When my clients say "I should have..." during coaching sessions, they see it as an admission of personal failure, while I see it as a design problem. In many cases, "I should have" shows up because willpower, tenacity, or determination didn't sustain their plan. Of course, extraordinary events, a flat tire, a sick child, or a power outage, will play havoc on the best plans, but we rarely say "I should have known I would get a flat tire on the way to the meeting." And sometimes, obligations are thrust upon us that we pretend to accept but, we truly don't. The "I should have baked the brownies for the fair instead of buying some" should. In both of these scenarios, we acknowledge that we did not meet the stated intention, but we don't feel blame or shame.
But too often the plan we conceive fails because it was not designed to ensure success. The "I should have gone to the gym this morning, but I didn't get up in time." and under our breath, "and I don't have the willpower not to hit snooze."
Should have is an invitation to look more closely at the plan. While I do not eat at McDonald's, I am impressed with planning done to produce a burger in 30 seconds. The McDonald's brothers were obsessed with design. In the movie "The Founder" starring Michael Keaton, the brothers' were driven to perfect their kitchen layout. They drew countless floor plans on an empty tennis court and had employees pantomime kitchen operations until the placement of their fryers, tables, and even condiments was perfect.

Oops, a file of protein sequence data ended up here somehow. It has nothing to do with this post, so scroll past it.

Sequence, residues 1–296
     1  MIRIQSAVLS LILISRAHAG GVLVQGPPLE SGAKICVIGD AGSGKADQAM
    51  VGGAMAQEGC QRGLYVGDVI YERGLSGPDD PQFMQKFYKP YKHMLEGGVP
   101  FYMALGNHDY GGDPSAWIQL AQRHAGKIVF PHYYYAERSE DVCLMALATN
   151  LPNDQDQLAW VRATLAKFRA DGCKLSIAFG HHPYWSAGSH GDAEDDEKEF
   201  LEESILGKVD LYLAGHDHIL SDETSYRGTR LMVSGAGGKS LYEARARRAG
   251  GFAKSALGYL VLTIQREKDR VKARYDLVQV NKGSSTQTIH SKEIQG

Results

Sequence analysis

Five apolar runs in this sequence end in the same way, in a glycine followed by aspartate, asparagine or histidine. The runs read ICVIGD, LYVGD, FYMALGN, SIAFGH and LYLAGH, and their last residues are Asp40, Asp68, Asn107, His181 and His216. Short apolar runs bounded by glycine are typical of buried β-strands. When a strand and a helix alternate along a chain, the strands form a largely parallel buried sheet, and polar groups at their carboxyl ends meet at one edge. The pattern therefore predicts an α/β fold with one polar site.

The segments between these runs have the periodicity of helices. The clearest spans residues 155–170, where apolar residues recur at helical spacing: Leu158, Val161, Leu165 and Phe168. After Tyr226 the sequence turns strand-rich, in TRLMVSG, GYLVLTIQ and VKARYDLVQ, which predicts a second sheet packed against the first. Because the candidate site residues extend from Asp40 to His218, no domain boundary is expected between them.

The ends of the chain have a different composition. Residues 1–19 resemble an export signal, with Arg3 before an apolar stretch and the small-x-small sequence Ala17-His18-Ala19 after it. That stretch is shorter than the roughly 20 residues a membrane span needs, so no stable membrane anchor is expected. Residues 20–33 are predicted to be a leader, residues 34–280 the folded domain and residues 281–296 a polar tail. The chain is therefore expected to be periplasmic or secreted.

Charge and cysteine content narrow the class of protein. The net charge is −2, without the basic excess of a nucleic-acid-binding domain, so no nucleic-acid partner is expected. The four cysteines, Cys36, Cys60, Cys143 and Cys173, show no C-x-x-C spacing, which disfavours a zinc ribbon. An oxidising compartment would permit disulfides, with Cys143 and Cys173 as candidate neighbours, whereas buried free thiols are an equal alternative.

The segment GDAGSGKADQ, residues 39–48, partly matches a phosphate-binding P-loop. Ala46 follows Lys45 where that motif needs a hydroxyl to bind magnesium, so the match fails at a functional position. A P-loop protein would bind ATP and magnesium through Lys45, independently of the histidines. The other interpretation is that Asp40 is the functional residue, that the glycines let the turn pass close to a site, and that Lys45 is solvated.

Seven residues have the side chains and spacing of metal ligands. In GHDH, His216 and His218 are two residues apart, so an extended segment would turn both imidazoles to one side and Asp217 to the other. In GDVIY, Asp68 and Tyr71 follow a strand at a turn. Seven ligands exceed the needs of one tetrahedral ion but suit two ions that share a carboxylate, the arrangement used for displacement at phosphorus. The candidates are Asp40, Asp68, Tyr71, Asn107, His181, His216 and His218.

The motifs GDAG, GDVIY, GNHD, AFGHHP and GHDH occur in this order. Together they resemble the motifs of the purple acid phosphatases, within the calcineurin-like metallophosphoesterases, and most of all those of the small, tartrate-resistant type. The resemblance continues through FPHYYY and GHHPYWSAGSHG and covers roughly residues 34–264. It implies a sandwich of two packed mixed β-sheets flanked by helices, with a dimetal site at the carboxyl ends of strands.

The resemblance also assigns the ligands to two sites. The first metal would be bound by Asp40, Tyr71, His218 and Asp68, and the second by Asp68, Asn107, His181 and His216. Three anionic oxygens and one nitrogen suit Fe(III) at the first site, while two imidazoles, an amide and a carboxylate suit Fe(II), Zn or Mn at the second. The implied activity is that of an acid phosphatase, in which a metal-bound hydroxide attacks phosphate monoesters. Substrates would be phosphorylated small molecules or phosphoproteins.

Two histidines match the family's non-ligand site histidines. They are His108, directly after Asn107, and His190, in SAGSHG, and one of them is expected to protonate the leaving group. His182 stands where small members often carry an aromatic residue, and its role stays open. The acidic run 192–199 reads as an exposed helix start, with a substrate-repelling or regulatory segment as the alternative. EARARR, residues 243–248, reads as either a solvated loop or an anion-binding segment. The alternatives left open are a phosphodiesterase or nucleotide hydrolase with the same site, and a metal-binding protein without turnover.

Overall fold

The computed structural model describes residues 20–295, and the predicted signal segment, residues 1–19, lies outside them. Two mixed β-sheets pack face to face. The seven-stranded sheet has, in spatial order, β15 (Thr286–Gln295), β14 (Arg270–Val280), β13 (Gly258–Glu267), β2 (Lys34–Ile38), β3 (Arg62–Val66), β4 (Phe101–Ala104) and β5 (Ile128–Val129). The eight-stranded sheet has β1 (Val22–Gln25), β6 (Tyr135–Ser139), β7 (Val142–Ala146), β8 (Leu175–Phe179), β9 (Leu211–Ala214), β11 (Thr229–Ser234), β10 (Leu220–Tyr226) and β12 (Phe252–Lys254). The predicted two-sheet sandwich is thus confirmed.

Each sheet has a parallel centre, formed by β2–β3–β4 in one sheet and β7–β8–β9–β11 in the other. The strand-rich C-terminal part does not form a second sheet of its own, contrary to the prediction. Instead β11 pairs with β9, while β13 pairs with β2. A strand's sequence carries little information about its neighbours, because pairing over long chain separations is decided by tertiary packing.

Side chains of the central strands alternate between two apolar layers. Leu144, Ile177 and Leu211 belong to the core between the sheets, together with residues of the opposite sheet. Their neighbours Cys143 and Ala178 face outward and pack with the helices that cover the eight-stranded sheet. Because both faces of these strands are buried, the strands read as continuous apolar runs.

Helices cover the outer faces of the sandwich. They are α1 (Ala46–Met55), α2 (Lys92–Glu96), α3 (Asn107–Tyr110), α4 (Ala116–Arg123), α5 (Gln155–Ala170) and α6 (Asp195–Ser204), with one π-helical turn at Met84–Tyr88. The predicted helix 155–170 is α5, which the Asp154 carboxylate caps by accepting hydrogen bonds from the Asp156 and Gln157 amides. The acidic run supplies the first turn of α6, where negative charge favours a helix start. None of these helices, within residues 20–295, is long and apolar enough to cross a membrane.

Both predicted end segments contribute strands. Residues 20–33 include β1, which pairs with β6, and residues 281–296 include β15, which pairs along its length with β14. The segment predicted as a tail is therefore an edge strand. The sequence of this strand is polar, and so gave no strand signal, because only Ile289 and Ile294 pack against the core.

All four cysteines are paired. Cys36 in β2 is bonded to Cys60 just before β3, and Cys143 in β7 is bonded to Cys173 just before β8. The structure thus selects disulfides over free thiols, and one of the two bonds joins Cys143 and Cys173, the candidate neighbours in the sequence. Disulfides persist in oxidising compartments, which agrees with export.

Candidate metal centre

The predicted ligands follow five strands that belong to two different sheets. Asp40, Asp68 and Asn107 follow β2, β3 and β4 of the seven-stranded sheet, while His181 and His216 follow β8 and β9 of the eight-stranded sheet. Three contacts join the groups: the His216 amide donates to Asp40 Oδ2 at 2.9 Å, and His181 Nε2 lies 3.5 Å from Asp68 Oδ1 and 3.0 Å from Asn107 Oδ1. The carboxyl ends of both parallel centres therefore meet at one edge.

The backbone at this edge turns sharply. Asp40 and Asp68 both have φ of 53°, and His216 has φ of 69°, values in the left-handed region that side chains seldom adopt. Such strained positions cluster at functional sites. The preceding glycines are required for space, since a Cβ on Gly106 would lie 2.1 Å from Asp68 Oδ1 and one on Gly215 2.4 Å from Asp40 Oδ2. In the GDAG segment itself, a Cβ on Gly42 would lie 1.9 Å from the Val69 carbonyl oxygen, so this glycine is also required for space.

The McDonalds committed resources in time, money, energy, mental toughness, and trial and error to design a layout to meet their goal. They did not rely on employees willpower, or intentions, but built an environment that made it impossible to miss the target.
When you hear yourself say "I should have" check your plan design. Find ways to add scaffolding so you are no longer relying on best intentions and willpower. If you're not a morning person, and the snooze button is your favorite alarm clock feature, don't rely willpower to get you out of bed for an early morning run. Instead, change your environment; hire a personal trainer to show you up at 5:45 am and get you up and going. If the goal is important enough, change the design, add resources and stop Shoulding all over yourself.
Watch this clip from The Founder and see the effort the McDonalds brothers put into designing their kitchen to ensure the success of their goal; a hamburger every 30 seconds.